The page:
News National Telstra to split into three units under radical restructure
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Telstra to split into three units under radical restructure

telstra indigenous phone
Telstra could face a penalty of up to $50 million. Photo: AAP
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Telstra will undergo its biggest restructure in more than two decades, splitting its business into three separate legal entities.

The telecommunications giant announced on Thursday that its infrastructure business InfraCo will be divided into two separate units – InfraCo Fixed, which will own and run Telstra’s fixed line assets, and InfraCo Towers, which will own the mobile infrastructure.

A third unit, ServeCo, will own the active parts of Telstra’s mobile phone business, including the radio access network and spectrum assets.

ServeCo will look after customers and product development.

It’s the biggest change at the company since it was privatised by the federal government in 1997 and is expected to be completed in December next year.

CEO Andy Penn said the restructure will allow Telstra to “take advantage of potential monetisation opportunities for its infrastructure assets”.

“It will unlock value in the company, improve the returns from the company’s assets and create further optionality for the future,” he said in a statement on Thursday ahead of the company’s annual Investor Day.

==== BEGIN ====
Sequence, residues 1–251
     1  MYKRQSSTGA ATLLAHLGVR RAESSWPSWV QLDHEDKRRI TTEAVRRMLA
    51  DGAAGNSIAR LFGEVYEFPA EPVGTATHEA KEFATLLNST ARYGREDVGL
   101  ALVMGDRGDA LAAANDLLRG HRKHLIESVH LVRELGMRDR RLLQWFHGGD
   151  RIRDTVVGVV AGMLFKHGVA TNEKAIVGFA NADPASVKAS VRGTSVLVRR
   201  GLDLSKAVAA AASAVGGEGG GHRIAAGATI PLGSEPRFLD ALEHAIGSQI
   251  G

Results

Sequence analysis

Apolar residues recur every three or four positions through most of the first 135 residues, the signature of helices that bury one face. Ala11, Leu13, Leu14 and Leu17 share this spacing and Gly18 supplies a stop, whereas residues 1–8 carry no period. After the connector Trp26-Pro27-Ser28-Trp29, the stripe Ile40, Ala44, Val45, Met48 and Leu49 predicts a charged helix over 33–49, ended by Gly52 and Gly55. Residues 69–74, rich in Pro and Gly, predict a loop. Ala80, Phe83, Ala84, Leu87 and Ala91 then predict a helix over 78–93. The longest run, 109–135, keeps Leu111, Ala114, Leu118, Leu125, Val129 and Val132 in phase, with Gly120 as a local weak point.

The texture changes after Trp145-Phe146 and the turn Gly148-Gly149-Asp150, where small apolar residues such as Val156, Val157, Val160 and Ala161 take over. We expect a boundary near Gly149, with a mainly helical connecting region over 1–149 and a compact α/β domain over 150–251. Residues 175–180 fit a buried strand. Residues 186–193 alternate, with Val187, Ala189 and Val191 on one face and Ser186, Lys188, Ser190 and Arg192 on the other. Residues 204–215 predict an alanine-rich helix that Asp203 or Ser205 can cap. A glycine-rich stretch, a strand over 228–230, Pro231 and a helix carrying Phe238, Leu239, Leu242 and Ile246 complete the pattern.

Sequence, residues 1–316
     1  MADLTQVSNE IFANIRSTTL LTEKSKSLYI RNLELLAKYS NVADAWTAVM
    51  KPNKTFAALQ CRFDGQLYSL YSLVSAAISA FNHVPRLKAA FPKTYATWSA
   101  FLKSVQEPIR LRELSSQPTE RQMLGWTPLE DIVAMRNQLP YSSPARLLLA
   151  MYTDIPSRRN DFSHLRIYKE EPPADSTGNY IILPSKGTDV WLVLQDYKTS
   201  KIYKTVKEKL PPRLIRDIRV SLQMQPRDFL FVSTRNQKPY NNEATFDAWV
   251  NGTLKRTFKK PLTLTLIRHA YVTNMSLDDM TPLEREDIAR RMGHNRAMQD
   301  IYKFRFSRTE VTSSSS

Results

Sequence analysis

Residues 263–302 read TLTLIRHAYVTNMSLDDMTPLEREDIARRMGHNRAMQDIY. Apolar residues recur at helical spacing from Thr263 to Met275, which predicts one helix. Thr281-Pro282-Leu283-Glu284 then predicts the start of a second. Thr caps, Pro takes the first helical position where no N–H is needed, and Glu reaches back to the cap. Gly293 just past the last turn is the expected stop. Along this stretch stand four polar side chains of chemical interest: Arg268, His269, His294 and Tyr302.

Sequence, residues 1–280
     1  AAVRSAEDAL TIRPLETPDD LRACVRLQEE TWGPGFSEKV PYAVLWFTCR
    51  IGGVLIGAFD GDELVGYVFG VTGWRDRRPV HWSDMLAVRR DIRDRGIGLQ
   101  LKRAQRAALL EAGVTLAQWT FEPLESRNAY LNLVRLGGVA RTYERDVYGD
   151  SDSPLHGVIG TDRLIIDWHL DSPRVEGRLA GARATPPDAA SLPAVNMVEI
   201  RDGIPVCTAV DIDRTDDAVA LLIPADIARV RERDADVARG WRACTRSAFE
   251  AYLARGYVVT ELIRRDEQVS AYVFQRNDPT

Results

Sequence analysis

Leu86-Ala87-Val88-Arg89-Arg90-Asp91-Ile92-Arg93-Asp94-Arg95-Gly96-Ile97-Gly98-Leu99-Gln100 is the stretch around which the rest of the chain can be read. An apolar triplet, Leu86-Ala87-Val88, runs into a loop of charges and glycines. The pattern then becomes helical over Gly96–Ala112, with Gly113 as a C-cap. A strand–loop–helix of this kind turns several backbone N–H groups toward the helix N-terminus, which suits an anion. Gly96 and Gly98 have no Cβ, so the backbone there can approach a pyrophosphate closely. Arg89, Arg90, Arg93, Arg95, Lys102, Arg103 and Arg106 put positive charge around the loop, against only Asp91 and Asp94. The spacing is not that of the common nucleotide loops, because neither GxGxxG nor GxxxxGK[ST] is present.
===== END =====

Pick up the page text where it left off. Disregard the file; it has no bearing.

Telstra also said its 5G broadband and cellular offering will be rolled out to more than 50 per cent of Australians by the end of this year, from around 44 per cent now, and top 75 per cent of the population by the end of fiscal 2021.

In August, Telstra posted a 14.4 per cent fall in 2019/20 full-year profit to $1.84 billion and a small dip in underlying earnings to $8.4 billion.

The company on Thursday reconfirmed its guidance for underlying earnings of between $6.5 billion and $7 billion this financial year, assuming a negative impact from the pandemic of about $400 million.

Meanwhile, the Australian Communications and Media Authority has pinged Telstra for overcharging thousands of customers almost $2.5 million over 12 years.

ACMA investigators found more than 10,000 customers were fleeced of about $231 on average between February 2008 and February 2020.

Telstra had self-reported the overcharging to ACMA and has apologised to affected customers.

-with AAP